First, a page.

- Do you run an Early Music singing or playing group in this area that's looking for new members?
- Are you an Early Music soloist looking for someone to accompany you?
- Are you wanting to set up an Early Music singing or playing group with like-minded people in the Border Marches area?
Whatever you're looking for, this page is for you. E-mail the Chairman with your request, and it will be posted here. Click here for an e-mail form.
The Fellowship of Makers and Researchers of Historical Instruments (FoMRHI) was founded in 1975 as an organisation of people concerned with historical musical instruments. Its aim is to promote authenticity in the preservation of original instruments, in making reproductions of such instruments, and in their use. Membership is open to anyone interested in any of these aims. All members receive FoMRHI Quarterly, which includes a bulletin of notes and news, requests for and offers of information, replies and questions, and a number of papers, called Communications or 'Comms'. These are of varying length and range from the speculative to the thoroughly researched, and from the practical to the theoretical and the philosophical. They include book and other reviews, detailed information on how to make useful gadgets, instrument design information, and debates on previous Communications. If you'd like to find out more, please visit the website www.fomrhi.org (Posted 10th February 2014)
The New Titley Philharmonic Orchestra (aka the Titley Phil): We meet on a Monday afternoon at Titley Village Hall (between Presteigne and Kington) to play mostly 17th and 18th century music under the tutelage of David Hatcher. David, as most of your readers will know, is the talented player of many period instruments and an amusing and informative tutor/conductor.
Occasionally, as a real treat, we get to accompany him in a gamba concerto but we also (any of us that feels that way inclined!) get the opportunity to play the concertante parts in concerti grossi and/or the solo in a concerto.
Violinists and Viola players are always welcome, but at the moment we are looking - in particular - for a bassoonist and another oboist. Players need to have a minimum playing standard of Grade VI and to be confident sight-readers. We rarely perform. David works us very hard, giving us plenty of sectional tutoring in period style and technique, in the friendly and supportive company of the rest of the orchestra.
Anyone interested can contact Annie Nethercott on 01547 560369 or David on 01568 611643. (Updated 6th February 2014)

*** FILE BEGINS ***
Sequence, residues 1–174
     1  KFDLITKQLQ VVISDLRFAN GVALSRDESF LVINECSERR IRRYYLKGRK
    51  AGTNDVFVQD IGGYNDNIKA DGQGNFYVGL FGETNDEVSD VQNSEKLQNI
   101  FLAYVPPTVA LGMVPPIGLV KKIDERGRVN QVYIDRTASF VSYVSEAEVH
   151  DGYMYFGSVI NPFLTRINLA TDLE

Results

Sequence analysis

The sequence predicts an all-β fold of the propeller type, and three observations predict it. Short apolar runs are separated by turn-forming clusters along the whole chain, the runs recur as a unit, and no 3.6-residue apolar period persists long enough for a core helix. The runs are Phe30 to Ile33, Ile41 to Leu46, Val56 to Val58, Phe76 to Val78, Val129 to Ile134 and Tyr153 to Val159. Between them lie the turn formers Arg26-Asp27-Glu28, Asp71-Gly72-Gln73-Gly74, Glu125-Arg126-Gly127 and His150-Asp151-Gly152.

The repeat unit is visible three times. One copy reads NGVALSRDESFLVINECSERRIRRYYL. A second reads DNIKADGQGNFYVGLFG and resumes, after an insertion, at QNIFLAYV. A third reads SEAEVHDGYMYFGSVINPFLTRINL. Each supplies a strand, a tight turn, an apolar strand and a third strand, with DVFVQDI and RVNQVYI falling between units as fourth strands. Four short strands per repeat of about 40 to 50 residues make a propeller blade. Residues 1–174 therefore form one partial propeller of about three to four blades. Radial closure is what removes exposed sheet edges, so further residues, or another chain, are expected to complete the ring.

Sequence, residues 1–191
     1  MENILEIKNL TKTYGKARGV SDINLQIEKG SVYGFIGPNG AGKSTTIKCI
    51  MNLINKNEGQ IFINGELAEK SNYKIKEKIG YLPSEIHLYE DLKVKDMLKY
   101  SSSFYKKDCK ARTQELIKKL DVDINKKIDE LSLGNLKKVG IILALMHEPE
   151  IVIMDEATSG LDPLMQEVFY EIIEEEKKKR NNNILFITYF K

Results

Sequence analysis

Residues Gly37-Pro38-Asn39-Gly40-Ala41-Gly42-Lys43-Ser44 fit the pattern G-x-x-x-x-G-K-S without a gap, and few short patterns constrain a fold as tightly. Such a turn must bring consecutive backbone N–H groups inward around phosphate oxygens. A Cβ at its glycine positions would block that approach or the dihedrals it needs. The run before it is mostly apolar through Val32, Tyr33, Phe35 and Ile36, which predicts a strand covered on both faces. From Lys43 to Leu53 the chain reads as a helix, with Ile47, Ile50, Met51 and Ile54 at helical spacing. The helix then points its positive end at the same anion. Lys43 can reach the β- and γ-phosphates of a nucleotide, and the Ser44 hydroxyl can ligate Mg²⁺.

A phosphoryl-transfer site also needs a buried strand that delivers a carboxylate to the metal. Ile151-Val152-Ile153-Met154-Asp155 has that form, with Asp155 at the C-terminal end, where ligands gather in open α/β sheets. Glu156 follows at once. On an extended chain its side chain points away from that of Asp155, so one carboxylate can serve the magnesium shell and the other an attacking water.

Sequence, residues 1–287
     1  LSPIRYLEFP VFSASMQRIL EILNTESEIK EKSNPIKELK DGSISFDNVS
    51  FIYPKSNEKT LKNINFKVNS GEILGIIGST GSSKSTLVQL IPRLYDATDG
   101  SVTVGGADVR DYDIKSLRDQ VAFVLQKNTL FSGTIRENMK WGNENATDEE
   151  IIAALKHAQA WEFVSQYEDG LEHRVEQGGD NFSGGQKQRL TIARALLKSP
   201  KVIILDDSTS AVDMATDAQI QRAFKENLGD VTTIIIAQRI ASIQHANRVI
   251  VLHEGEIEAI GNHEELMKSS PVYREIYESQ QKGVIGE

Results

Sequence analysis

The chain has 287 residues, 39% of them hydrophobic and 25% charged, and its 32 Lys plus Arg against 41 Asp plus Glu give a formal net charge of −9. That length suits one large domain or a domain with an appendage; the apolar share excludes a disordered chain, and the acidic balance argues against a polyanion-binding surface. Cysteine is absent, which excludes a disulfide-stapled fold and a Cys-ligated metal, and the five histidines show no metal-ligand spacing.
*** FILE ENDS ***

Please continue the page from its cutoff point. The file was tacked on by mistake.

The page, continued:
Lion Choir: an informal practice choir for people who enjoy singing but do not wish to perform in public. Meets at 6:00pm in Leominster at Grange Court for about 90 minutes. Music provided. Charge of £6.00 per evening. Contact David Hatcher: email@example.com or 01568 611643 / 07813 001631 (Updated 21st January 2014)
Shropshire Harmony Quire is a small west gallery quire meeting monthly near Bishop’s Castle in South Shropshire. We sing and play music from Thomas Hardy’s time, mainly from the English West Gallery and American shape note traditions. Some of what we sing is rousing, some is unbelievable beautiful and it is all very melodic in structure. In much of the early West Gallery music the melody line is given to the tenor, with an underpinning bass harmony, contra-tenor and a treble voice or voices above.
It has been said of West Gallery music that 'if we had hymns like that in our churches today they wouldn't be empty'. West gallery music was a vigorous, melodic style of worship at its height between 1700 and 1850. Thomas Hardy wrote much about the singers and players of the west gallery in his novel ‘Under the Greenwood Tree’. The vivacious and contrapuntal style of singing and playing was popular with parishioners who wanted to do more than sit in silence during services. Eventually, the singers and musicians of the west gallery were replaced by organists, Hymns Ancient and Modern replaced the old psalmody copies and much of the west gallery hymnody disappeared till the revival movement of the late 20th century.
New instrumentalists and singers welcome (especially singers).
For more information about the Quire, and how to get touch with the secretary, go to http://www.shropshireharmony.org.uk/ and click on the ‘join us’ tab.
(Posted 28th September 2013)
St Swithun's Church, Worcester is available for use as a recital/concert venue. To find out more, please click here. In addition, there are two early organs at St Swithun’s: Gray 1795, and the ‘Wetheringsett’ reconstructed Tudor organ. Both of them are very much available to organists, early-music enthusiasts, and indeed any members of the interested public, for practice, teaching, or just ‘having a go’. Demonstrations and introductions can also be arranged. Please contact John Erskine on firstname.lastname@example.org
(Posted 9th June 2013)